2012 Election | Barack Obama | Gay Marriage | Iowa | New Hampshire | North Carolina

Gay Marriage Begins Bearing Down On 2012 Race

NewhampshirecardFor all the social conservative energy bubbling ahead of today's Iowa caucuses, same-sex marriage has for the most part remained on the back burner during this presidential election cycle. That will soon change, though, as candidates flock to the Granite State for the New Hampshire primary next week.

A far more moderate state than Iowa, New Hampshire legalized same-sex marriage in 2009 and ever since right-wingers and religious leaders have tried to overturn that law. In fact, a New Hampshire Bishop named Peter Libasci has just joined the backward battle.

"Jesus, Mary, and Joseph, I do now add to this prayer: help us to rediscover and strengthen the bonds of marriage and family," he wrote in a recent blog post. "Human attempts to replace or redefine marriage do not respond adequately to the present situation of isolation, grief, and confusion."

Well aware of what's at stake, New Hampshire's Concord Monitor, the state's leading paper, today ran an editorial demystifying some of the conservative claims about gay marriage's so-called dangers. A snippet:

Over the past several years, we've heard a handful of regular arguments against gay marriage - at the State House, on the national stage, among the candidates vying for our votes in next week's presidential primary. Examined dispassionately, none of them should sway any votes in the weeks ahead. Consider:

• Marriage is between one man and one woman. This is more of a declaration than an actual argument. In fact, it's a declaration of bigotry. After all, who gets to define marriage? Those already married? Without a compelling reason to deny marriage to gay people, a statement like this is hard to take seriously.

• But marriage has been restricted to heterosexuals for thousands of years. Many traditions outlive their usefulness. Slavery was an ancient practice too, after all. So was barring women from participation in politics. Once upon a time, people with disabilities were routinely locked away in institutions. Mercifully, times change.

• Marriage is for procreation. In many cases, yes. But infertile, straight couples marry all the time. So do those uninterested in having kids. Those past their child-bearing years aren't forced to divorce. Having children isn't the only thing that brings couples together.

Their ultimate conclusion: "Don't tamper with same-sex marriage law," which happens to be the title of the editorial.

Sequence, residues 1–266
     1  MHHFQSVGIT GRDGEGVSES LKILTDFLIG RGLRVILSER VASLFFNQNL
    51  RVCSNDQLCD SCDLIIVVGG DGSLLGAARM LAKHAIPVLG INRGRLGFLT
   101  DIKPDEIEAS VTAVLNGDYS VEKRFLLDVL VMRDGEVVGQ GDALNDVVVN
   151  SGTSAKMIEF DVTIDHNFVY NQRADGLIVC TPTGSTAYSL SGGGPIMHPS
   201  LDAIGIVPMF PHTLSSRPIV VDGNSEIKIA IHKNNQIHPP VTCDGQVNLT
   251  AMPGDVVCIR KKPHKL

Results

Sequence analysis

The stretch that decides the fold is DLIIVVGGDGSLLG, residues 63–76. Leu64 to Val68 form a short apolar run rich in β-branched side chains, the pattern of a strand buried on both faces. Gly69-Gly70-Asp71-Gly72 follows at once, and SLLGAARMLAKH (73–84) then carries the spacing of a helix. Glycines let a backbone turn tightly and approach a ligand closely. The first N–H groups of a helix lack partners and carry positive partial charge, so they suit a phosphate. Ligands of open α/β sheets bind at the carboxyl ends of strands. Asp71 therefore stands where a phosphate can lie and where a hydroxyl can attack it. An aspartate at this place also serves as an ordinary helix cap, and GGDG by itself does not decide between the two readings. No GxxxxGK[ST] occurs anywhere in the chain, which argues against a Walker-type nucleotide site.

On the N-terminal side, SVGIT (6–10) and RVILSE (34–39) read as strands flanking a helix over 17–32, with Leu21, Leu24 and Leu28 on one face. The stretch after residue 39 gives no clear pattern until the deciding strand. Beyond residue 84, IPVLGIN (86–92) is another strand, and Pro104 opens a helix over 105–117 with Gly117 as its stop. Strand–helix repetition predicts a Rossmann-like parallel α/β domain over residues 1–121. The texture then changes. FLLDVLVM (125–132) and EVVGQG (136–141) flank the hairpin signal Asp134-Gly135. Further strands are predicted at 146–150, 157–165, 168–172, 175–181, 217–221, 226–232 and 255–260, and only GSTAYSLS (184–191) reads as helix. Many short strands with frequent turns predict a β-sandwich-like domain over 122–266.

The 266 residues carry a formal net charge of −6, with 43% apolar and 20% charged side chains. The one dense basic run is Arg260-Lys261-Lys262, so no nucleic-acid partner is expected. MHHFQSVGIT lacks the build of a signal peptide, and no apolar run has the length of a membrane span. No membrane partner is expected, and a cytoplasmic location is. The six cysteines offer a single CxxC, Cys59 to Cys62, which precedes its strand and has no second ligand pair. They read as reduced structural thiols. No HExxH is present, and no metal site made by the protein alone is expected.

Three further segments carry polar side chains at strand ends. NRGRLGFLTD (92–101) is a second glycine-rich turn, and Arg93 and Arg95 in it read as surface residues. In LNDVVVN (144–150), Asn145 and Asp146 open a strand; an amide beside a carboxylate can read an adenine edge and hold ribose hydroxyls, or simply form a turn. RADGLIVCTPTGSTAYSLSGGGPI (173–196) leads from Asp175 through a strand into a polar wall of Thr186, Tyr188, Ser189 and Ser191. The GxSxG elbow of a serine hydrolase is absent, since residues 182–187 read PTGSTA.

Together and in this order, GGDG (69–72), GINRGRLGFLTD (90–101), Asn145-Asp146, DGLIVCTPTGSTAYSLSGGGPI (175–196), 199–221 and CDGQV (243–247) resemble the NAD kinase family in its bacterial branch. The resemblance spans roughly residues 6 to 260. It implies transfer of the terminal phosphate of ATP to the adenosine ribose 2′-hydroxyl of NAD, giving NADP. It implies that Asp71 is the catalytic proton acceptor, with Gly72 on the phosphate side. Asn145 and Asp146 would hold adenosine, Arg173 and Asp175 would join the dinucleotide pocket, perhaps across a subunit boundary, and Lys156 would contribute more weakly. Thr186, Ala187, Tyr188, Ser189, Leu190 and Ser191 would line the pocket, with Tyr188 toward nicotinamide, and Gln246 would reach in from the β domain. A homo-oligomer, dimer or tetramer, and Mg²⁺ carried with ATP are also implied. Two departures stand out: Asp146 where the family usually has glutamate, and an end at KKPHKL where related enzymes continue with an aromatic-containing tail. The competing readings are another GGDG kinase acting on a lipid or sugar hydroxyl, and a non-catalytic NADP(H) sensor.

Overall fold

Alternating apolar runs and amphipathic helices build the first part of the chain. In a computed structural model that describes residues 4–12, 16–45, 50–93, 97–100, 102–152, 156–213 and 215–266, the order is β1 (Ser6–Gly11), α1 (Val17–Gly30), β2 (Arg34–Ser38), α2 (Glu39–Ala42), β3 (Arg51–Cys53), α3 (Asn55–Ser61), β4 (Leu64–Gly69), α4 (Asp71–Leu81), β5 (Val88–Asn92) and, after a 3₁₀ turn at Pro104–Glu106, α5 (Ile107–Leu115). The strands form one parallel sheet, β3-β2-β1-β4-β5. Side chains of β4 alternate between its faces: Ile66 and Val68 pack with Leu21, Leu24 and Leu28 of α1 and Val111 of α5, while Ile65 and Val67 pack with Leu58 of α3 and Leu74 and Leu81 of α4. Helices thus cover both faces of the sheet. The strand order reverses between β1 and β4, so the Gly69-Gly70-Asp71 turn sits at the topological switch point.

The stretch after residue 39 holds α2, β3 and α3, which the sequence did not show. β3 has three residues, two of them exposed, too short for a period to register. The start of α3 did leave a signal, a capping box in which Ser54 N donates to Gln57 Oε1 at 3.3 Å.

Read more, AFTER THE JUMP...

With so much attention on the issue, it is only a matter of time before voters -- 50 percent of whom support the same-sex marriage law -- start hammering Republican candidates on the controversial matter. But GOP White House hopefuls won't be the only ones feeling the heat: President Obama, who is allegedly "evolving" on marriage equality, will have to explain himself, as well, and not only in New Hampshire.

As The Charlotte Observer reports, North Carolina, host of the Democratic National Convention come September, will vote in May on whether or not to constitutionally ban same-sex marriages, which leaves gay Democratic delegates wondering where their party will go.

"There's the potential that we're going to be greeted to the state with another one of those heinous marriage amendments," said Jerame Davis, interim executive director for the National Stonewall Democrats. "That's definitely not putting out the welcome mat to LGBT people coming to the state."

And if the Supreme Court is asked to weigh in on DOMA, then all bets are off and the 2012 election will have a lot more LGBT flavor than many imagined.

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Comments

  1. Bishop Libasci, maybe--just maybe--Jesus, Mary and Joseph have a much bigger vision of marriage than your hate-motivated, hypocritical one.

    Posted by: Danny | Jan 3, 2012 10:25:24 AM


  2. When we talk about NH, we need to be clear about what the Republican lawmakers are trying to do there. This isn't about "gay marriage." (There is no such thing.) This is about right-wing legislators attempting to strip away a fundamental legal right from one class of NH citizens: gay people. In place of equality they would exclude the gay citizens of NH from civil marriage and demean the humanity of those citizens by reducing their unions and family commitments to a relationship between any 2 people. What they're attempting is both radical and unconstitutional.

    Posted by: Ernie | Jan 3, 2012 10:35:29 AM


  3. I agree with Ernie. I don't understand why this blog and others, the HRC, and most other gay groups continue to use the term 'gay marriage'. I believe it would help our case if we always referred to it as civil marriage equality. Yes, it is a longer phrase but it takes any religious angle out of the equation. And for the average [hetero] person, it is a lot harder to be against equality than for gay anything.

    Posted by: MikeBoston | Jan 3, 2012 10:50:17 AM


  4. Not certain it's accurate or fair to refer to New Hampshire as "much more moderate" than Iowa, considering Iowa actually achieved marriage equality a few months before New Hampshire.

    Primaries and caucuses highlight the loud and vocal conservative opponents of marriage, but the broader populations of both states have been reliably Democratic in their presidential votes for the past few decades and are generally supportive of GLBT rights.